Papua New Guinea: Dozens killed for witchcraft, Amnesty calls on authorities to intervene
The government of Papua New Guinea must act now to end a rash of more than 50 killings related to allegations of sorcery, Amnesty International said today.
The murder of a father and son in Ban village, a few kilometres from Mount Hagen on Sunday is the latest sorcery-related killing to come to light.
Local men shot dead 60-year old Plak Mel Doa and threw his body into a fire whilst his son, Anis Dua, was dragged from his home and burnt alive. Local people accused them of causing the death of a prominent member of the community by sorcery.
Apolosi Bose, Amnesty International’s Pacific Islands researcher, said:
“When dozens of people have been killed after literal witch hunts, it’s clear that the government is not doing enough to protect its own citizens and maintain the rule of law.
“The police and judicial authorities have to step in immediately before another person faces this kind of vigilante violence.”
Amnesty International pointed out that the Royal Papua New Guinea Constabulary (RPNGC) is often unable to enforce the law. For instance, after the 8 February killings, police reported they wanted to visit the crime scene and confirm the men’s deaths, but heavily armed locals prevented them from removing the bodies to hospital for autopsies.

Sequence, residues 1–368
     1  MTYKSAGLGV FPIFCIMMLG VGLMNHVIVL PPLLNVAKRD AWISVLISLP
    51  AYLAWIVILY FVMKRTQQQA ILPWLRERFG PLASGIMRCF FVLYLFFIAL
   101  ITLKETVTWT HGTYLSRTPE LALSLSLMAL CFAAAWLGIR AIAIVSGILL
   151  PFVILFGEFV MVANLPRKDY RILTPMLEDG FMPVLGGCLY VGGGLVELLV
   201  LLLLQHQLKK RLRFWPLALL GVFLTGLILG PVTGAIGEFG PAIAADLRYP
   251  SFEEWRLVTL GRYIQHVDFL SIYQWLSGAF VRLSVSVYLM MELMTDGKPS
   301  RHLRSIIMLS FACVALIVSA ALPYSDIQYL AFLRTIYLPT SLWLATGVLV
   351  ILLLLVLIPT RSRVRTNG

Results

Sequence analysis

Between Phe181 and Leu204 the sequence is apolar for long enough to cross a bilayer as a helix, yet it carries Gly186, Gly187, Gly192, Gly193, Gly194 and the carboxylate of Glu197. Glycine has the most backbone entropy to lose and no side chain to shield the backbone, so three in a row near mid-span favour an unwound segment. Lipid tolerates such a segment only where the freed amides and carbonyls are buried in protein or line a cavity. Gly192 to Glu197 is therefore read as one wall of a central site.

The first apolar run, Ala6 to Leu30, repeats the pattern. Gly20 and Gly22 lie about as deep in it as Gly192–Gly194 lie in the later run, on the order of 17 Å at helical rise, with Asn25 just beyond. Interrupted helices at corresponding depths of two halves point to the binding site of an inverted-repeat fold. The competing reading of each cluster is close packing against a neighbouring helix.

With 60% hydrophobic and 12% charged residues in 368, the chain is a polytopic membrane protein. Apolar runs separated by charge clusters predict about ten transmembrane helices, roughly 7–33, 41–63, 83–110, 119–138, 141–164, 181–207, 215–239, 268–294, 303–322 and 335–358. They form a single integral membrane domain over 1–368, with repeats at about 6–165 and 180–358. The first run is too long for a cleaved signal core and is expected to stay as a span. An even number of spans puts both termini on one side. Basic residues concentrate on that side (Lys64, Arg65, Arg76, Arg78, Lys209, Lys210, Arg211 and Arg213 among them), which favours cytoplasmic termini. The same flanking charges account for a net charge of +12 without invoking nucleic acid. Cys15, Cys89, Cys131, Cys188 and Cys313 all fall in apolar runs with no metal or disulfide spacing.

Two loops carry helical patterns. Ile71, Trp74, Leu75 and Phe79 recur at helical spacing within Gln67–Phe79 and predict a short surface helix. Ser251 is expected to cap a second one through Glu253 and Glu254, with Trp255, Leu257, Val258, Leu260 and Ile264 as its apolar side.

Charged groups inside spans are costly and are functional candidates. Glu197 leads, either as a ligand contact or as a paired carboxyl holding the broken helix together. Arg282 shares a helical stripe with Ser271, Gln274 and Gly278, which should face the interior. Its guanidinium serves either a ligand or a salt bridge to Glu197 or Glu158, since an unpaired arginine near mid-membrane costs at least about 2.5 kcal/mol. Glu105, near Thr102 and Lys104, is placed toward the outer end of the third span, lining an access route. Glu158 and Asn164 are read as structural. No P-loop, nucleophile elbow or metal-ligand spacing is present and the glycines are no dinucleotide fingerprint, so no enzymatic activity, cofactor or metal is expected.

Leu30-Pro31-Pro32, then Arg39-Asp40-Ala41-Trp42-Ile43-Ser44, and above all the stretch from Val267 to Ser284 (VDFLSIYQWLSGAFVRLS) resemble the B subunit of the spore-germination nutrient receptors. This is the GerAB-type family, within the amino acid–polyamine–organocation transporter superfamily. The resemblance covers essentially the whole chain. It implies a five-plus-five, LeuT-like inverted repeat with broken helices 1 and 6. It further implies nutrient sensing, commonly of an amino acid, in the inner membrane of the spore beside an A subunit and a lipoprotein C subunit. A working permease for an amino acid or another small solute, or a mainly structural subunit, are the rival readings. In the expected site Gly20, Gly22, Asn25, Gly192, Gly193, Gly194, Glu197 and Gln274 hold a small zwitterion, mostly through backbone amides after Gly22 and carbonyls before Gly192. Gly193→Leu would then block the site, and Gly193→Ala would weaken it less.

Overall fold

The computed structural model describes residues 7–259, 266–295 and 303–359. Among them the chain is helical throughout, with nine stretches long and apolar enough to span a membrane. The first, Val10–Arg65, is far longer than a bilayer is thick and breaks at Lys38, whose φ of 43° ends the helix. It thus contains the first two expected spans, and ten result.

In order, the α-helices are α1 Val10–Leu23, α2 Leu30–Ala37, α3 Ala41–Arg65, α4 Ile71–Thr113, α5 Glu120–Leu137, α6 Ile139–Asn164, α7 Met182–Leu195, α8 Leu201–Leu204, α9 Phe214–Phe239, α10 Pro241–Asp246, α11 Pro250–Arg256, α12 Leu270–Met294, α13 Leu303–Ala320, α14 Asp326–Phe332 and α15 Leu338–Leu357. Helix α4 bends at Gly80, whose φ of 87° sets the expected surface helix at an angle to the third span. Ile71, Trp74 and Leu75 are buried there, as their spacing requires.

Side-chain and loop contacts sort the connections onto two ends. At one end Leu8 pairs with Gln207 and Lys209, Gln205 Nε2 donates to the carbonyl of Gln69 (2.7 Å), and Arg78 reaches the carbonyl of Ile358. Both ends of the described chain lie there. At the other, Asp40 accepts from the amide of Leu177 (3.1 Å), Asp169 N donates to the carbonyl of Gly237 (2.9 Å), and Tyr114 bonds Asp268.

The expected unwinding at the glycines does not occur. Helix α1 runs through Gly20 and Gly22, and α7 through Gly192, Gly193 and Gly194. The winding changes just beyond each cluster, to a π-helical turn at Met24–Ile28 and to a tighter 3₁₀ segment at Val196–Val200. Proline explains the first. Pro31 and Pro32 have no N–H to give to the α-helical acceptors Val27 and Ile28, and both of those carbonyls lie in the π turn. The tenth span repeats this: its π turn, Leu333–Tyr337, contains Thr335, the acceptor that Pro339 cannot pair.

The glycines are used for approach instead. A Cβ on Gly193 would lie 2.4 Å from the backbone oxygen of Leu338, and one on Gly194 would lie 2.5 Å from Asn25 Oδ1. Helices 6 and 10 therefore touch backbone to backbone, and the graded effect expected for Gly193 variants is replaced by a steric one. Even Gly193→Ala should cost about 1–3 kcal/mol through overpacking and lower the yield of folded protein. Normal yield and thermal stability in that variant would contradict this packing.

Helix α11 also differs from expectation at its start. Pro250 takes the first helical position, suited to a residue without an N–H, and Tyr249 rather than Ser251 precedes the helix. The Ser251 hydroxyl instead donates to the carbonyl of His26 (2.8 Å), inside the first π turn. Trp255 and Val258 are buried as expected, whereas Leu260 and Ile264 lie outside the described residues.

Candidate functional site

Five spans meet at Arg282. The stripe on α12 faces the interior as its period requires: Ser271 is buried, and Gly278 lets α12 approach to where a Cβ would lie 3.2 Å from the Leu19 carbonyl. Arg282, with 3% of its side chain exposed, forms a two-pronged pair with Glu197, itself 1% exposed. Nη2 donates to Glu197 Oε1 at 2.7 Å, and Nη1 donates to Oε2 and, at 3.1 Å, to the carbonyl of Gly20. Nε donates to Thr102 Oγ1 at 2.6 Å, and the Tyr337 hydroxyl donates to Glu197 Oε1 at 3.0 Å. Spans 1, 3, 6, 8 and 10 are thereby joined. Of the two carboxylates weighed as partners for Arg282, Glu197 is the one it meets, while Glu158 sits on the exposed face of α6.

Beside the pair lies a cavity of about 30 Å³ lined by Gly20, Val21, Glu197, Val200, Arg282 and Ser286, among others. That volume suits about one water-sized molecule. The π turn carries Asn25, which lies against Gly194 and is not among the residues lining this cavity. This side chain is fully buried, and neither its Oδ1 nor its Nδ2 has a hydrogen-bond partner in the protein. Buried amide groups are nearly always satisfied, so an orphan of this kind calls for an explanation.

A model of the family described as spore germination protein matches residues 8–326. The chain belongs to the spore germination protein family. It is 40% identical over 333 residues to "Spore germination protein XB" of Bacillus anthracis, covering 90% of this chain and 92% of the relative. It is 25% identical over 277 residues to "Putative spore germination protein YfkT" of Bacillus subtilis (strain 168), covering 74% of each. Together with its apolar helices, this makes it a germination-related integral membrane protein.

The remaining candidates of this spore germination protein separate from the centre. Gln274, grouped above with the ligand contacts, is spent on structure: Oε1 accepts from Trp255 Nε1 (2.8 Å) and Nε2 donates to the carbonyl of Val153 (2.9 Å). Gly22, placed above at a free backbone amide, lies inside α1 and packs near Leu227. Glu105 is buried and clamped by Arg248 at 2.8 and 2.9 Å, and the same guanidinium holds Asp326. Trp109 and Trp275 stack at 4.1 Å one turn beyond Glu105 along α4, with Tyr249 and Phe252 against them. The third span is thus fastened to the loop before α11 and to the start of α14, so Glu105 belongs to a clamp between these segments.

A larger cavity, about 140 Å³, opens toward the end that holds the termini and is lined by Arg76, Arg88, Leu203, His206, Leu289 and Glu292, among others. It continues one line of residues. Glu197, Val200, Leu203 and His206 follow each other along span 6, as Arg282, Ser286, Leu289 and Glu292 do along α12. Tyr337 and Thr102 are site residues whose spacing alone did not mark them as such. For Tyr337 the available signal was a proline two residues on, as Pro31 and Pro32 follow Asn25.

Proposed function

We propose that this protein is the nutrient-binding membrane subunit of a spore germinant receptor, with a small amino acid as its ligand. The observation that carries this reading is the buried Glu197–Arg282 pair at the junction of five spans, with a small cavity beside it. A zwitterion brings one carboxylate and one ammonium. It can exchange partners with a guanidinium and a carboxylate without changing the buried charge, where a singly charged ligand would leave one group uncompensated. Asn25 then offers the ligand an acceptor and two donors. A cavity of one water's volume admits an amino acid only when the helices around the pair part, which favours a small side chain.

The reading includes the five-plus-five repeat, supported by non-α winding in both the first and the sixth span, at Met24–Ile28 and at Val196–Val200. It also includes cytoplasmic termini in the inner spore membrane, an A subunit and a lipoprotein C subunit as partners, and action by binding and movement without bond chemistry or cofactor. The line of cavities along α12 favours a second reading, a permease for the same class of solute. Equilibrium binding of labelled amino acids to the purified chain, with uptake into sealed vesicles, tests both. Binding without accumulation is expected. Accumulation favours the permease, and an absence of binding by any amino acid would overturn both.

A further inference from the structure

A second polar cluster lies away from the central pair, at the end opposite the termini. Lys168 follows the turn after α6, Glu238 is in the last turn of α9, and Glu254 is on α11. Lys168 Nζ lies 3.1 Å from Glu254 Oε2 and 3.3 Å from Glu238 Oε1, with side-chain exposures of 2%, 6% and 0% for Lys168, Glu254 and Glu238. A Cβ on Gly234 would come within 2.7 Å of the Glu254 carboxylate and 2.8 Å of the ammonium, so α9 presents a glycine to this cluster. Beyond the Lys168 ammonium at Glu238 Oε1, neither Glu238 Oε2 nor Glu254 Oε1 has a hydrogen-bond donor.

Apolosi Bose added:
“People often don’t trust the police or the judiciary and instead blame events on supernatural causes and punish suspected sorcerers.
“The Constabulary, the Public Prosecution Office and other relevant authorities should step up efforts to curb vigilante violence and raise awareness in communities about ways in which people can legitimately seek justice.”
Amnesty International calls on the RPNGC to vigorously pursue investigations of all cases and ensure that the perpetrators are brought to justice.
· There has been an increase in reports of sorcery related killings in Papua New Guinea over the last year.
· On 30 January 2009 a village court, comprising church pastors and local officials, found a 40 year old man from a village in Unggai-Bena district in the Eastern Highland province guilty of sorcery and sentenced him to death. A group of local men then hacked him to death with bush knives.
· On 6 January a group of men stripped a woman naked, gagged and burned her alive at Kerebug rubbish dump in Mount Hagen after she was suspected of practising witchcraft.
· On 26 January 2009 Amnesty International and Human Rights Watch sent joint letters to Minister for Justice Hon Dr Alan Marat and Police Commissioner Gari Baki expressing concern at ongoing reports of sorcery related killings, particularly of Women's rights's rightss rights's rights's rights's rights, and called for greater action from the authorities to curb the violence and murders. To date, there has been no response.